The international context is darkening. As Glyn Ford and Patrick Costello report, the far right have advanced in the European elections throwing France into political turmoil. Although parties of the centre retain control of the European parliament the spectre of neo-fascism and its foot soldier ethno-nationalism is on the march. Seema Syeda identifies the fuel of Islamophobia across Europe as a key driver behind this threat.

The Ukraine war highlights another menace to Europe where Trumpite Republicans delayed military aid, emboldening Putin to intensify his brutal assault and occupation. Pete Duncan calls on Labour to raise aid and solidarity.  Meanwhile in Georgia the regime is taking a page from Putin’s playbook to repress civil opposition with new legislation on “foreign agents” as reported by Alex Scrivener. Regarding Gaza we report that the genocide must end, with a Labour commitment to a permanent ceasefire, hostage exchange and arms embargo on Israel now.

Bob Newland reports on the loss of the ANC majority for the first time since Apartheid and the implications of coalition with the centre right. Shashi Tharoor, leading Indian Congress MP, similarly explores the consequences of nationalist leader Modi’s electoral losses.

Underlining all Labour’s commitments, many reduced in scale, particularly the £28bn for the green new deal, is the fiscal rule. But if this is not to be a shallow victory, overturned in five years, boldness must be the key. Boldness on democratic reform and above all boldness on economic recovery and redistribution. This must mean the top companies paying more in corporation tax, a greater tax share from the top earners and a missionary zeal to recoup the £70bn plus that the Tax Justice Network cite as evaded or avoided tax. Investment in public services, industrial regeneration, improved relations with Europe and a green transition are essential for a more equitable and sustainable Britain and a further Labour term.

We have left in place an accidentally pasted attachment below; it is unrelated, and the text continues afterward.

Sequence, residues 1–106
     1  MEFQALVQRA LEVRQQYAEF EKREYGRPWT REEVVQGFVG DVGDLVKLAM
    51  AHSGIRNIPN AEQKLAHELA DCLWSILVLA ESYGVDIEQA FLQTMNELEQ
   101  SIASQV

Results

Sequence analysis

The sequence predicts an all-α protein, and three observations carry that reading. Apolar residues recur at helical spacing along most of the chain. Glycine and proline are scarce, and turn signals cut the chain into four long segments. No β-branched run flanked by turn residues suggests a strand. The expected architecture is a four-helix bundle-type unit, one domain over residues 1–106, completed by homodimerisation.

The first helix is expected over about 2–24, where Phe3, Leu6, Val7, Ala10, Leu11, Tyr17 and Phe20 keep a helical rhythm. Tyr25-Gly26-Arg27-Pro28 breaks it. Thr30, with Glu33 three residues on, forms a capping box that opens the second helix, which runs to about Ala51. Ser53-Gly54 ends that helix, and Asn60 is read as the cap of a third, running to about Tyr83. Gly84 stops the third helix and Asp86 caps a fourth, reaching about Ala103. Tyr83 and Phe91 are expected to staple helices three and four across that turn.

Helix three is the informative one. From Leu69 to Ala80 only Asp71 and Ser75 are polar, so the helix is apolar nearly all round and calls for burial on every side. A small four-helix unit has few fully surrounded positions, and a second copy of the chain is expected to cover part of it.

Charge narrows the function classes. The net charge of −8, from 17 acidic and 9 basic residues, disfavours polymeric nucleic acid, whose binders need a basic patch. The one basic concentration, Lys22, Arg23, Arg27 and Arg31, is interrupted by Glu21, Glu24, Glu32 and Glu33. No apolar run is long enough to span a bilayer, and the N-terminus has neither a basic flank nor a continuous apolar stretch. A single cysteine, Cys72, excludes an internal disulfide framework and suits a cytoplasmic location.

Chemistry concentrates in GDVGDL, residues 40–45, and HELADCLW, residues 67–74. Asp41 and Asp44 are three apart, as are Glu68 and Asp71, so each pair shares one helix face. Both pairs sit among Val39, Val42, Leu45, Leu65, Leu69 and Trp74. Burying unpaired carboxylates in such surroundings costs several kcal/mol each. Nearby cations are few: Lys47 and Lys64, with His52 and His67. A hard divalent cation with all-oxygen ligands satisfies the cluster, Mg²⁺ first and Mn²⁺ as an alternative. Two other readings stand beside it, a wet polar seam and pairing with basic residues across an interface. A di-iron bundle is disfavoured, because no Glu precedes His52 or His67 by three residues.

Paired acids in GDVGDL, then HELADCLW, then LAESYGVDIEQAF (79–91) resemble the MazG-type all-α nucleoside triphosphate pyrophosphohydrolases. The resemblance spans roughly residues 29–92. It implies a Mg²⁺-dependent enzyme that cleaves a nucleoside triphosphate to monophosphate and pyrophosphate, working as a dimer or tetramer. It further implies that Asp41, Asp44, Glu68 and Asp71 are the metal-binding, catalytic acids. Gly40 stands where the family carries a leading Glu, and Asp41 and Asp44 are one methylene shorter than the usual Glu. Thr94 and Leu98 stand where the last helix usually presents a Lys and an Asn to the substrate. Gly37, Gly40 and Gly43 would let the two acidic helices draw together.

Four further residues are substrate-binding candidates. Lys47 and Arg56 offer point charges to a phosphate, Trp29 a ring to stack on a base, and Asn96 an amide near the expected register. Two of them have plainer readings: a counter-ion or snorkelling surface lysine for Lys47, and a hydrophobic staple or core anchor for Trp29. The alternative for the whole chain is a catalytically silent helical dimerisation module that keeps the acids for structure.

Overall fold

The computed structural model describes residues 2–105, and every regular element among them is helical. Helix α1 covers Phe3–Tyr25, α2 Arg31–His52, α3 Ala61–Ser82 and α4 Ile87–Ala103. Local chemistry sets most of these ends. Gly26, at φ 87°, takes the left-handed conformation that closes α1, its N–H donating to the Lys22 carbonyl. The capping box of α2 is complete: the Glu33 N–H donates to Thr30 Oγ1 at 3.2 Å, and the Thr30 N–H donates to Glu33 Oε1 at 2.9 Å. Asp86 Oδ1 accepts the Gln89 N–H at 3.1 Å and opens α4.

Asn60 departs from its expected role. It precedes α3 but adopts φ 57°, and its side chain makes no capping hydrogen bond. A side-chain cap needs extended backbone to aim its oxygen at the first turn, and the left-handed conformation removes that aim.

1. The country needs bold policies but probably doesn’t much appreciate the idea. Let’s be lucky and pray for the political equivalent of Jude Bellingham!